1958 Olden (Chirstine Olden 1958)
Olden, C. (1958). Notes on the development of empathy. Psychoanalytic Study of the Child, 13, 505-518.
maintaining a sense of the independence and uniqueness of the person with whom one is empathizingChirstine Olden discusses empathy as a complex and dichotomous construct. In Notes on the Development of Empathy (1958), she argues that empathy is the sensibility of one person towards another that allows for the maintenance of one’s unique separateness. She stresses the importance of being able to understand another’s thoughts and feelings and create emotional intimacy, while also maintaining a sense of the independence and uniqueness of the person with whom one is empathizing. (BUTTERS 2010)*

1963 Erickson
Erikson, E. (1963). Childhood and society (2nd ed.). New York: W. W. Norton.
This relational view describes an alternate model for healthy development of the self. According to this theory, maturation of the self or ego occurs through the process of relationship-differentiation, rather than through the more traditional models of separation individuation Using this model, with relationship at its core, we see empathic responding and relating as a central process in development, socializations, and healthy functioning. (BUTTERS 2010)*

1967 Truax +
Truax, C.B. & Carkhuff, R.R. (1967). Toward effective counseling and psychotherapy:Training and Practice. Chicago: Aldine Publishing Company.
developed one of the first empathy training programs as well as the first widely used empathy measurement scale. conceptualized empathy as consisting of three main qualities: accurate empathy, nonpossessive warmth genuineness. (BUTTERS 2010)*

Carkhuff and Truax developed one of the first empathy training programs as well as the first widely used empathy measurement scale (Truax and Carkhuff, 1967). They conceptualized empathy as consisting of three main qualities: accurate empathy, onpossessive warmth, and genuineness. They theorize that a combination of these qualities in a helping professional contribute to positive outcomes for patients because the patient is able to engage in self-exploration. The Carkhuff and Truax training scales are used extensively in professional schools of social work, psychology, and in the health professions in addition to client populations, to evaluate empathy. (BUTTERS 2010)*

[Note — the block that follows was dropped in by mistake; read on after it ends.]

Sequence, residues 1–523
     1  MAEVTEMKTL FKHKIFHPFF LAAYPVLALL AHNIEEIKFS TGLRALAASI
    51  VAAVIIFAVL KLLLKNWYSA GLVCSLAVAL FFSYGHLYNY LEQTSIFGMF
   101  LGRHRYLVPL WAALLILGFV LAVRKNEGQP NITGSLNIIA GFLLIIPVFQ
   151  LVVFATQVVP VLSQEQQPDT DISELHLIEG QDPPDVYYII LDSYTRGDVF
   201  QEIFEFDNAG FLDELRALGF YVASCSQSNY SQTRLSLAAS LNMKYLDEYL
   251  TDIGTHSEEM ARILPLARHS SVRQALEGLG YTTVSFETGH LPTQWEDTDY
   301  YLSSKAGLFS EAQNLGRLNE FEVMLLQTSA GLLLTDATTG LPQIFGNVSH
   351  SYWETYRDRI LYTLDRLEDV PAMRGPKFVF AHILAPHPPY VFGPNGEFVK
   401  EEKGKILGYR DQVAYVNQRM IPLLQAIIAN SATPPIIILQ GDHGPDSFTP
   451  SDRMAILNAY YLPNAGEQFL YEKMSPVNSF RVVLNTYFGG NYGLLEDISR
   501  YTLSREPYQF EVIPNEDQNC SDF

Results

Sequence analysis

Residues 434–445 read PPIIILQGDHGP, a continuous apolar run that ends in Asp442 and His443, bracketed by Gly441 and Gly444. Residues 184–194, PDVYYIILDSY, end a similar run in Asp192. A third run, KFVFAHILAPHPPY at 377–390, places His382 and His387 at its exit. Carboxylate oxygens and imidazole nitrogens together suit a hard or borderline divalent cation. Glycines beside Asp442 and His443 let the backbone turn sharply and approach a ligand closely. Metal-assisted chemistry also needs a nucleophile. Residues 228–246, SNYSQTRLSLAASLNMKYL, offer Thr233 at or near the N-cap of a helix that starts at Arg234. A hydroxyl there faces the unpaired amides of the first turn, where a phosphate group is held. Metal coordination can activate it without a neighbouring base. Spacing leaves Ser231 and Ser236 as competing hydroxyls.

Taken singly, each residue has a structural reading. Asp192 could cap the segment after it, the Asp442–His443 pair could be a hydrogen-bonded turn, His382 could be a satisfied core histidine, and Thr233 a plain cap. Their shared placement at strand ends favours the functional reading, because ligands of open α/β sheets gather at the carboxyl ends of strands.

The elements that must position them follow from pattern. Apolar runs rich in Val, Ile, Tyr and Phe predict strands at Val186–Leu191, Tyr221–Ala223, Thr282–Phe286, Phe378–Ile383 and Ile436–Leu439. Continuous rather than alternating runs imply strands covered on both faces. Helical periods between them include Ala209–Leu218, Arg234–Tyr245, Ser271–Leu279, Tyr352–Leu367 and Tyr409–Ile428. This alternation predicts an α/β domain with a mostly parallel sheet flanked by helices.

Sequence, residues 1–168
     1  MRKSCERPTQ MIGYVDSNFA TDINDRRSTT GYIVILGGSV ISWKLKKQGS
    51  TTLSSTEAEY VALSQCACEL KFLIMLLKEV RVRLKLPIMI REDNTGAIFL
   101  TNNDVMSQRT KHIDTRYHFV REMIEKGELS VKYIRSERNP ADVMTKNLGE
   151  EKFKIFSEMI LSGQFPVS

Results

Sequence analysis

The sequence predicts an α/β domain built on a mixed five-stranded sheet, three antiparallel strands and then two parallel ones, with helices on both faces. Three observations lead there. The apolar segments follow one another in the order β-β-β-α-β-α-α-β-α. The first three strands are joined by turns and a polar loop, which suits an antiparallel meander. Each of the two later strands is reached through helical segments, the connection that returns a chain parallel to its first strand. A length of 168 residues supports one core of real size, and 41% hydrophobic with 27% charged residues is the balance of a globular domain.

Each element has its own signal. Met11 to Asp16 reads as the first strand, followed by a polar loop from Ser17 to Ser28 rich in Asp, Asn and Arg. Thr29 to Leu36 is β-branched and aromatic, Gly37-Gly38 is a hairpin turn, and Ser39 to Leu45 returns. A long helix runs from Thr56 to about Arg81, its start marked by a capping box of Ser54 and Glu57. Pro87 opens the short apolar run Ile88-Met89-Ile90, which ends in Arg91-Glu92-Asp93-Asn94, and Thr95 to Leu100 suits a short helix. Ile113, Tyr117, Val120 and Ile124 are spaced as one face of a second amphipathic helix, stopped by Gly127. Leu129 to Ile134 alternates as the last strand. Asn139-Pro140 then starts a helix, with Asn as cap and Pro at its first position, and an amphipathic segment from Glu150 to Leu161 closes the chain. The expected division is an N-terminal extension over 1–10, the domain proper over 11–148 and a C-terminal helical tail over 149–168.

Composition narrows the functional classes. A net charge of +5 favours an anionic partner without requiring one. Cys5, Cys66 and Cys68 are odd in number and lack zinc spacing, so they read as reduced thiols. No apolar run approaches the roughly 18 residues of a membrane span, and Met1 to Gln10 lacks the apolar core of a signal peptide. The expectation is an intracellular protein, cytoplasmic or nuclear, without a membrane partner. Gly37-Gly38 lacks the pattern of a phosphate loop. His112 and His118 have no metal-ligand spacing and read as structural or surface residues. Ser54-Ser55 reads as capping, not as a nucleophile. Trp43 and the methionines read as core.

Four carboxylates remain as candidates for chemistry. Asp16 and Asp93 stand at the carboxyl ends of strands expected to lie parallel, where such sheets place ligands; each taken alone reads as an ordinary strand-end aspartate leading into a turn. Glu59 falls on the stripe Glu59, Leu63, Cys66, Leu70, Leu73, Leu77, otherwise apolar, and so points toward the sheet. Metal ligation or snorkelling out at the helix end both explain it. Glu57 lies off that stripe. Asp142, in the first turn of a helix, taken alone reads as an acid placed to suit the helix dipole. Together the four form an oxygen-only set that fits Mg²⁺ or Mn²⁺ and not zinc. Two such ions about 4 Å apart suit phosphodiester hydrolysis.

1975 Mahler
Mahler, M. S., Pine, F., & Bergman, A. (1975). The psychological birth of the human infant. New York: Basic Books.
This relational view describes an alternate model for healthy development of the self. According to this theory, maturation of the self or ego occurs through the process of relationship-differentiation, rather than through the more traditional models of separation individuation Using this model, with relationship at its core, we see empathic responding and relating as a central process in development, socializations, and healthy functioning. (BUTTERS 2010)*

1981 Kohlberg
Kohlberg, L. (1981). Essays on moral development. San Francisco: Harper & Row.

1982 Di Chiara
Di Chiara, G. (1982). L’assetto mentale dello psicoanalista quale invariante tra terapia e conoscenza. Paper presented at the Fifth National Conference of the Societa Psicoanalista Italiana, Rome, Italy.
who describes the importance of working to develop intimacy and closeness while remaining separate. This idea of joining while remaining objective and separate is also endorsed by Giuseppe Di Chiara (1982), who describes the importance of working to develop intimacy and closeness while remaining separate. (BUTTERS 2010)*

2007 Freedberg 
Freedberg, S. (2007).
 Re-examining Empathy: A relational-feminist point of view. Social Work, 52(3), 251-259.
Feminist-relational theory provides a conceptual framework that emphasizes growth, development, and the fostering of relational activities “the capacity to feel and think something similar to the feelings and thoughts of another person that exists in all people” (p. 254).
Feminist-relational theory provides a conceptual framework that emphasizes growth, development, and the fostering of relational activities (Freedberg, 2007). This theory describes empathy more broadly as “the capacity to feel and think something similar to the feelings and thoughts of another person that exists in all people” (p. 254). (BUTTERS 2010)*

Erikson, E. (1963). Childhood and society (2nd ed.). New York: W. W. Norton.

Mahler, M. S., Pine, F., & Bergman, A. (1975).
The psychological birth of the human infant. New York: Basic Books.This relational view describes an alternate model for healthy development of the self. According to this theory, maturation of the self or ego occurs through the process of relationship-differentiation, rather than through the more traditional models of separationindividuation (Erickson, 1963; Mahler, 1975). Using this model, with relationship at its core, we see empathic responding and relating as a central process in development, socializations, and healthy functioning. (BUTTERS 2010)*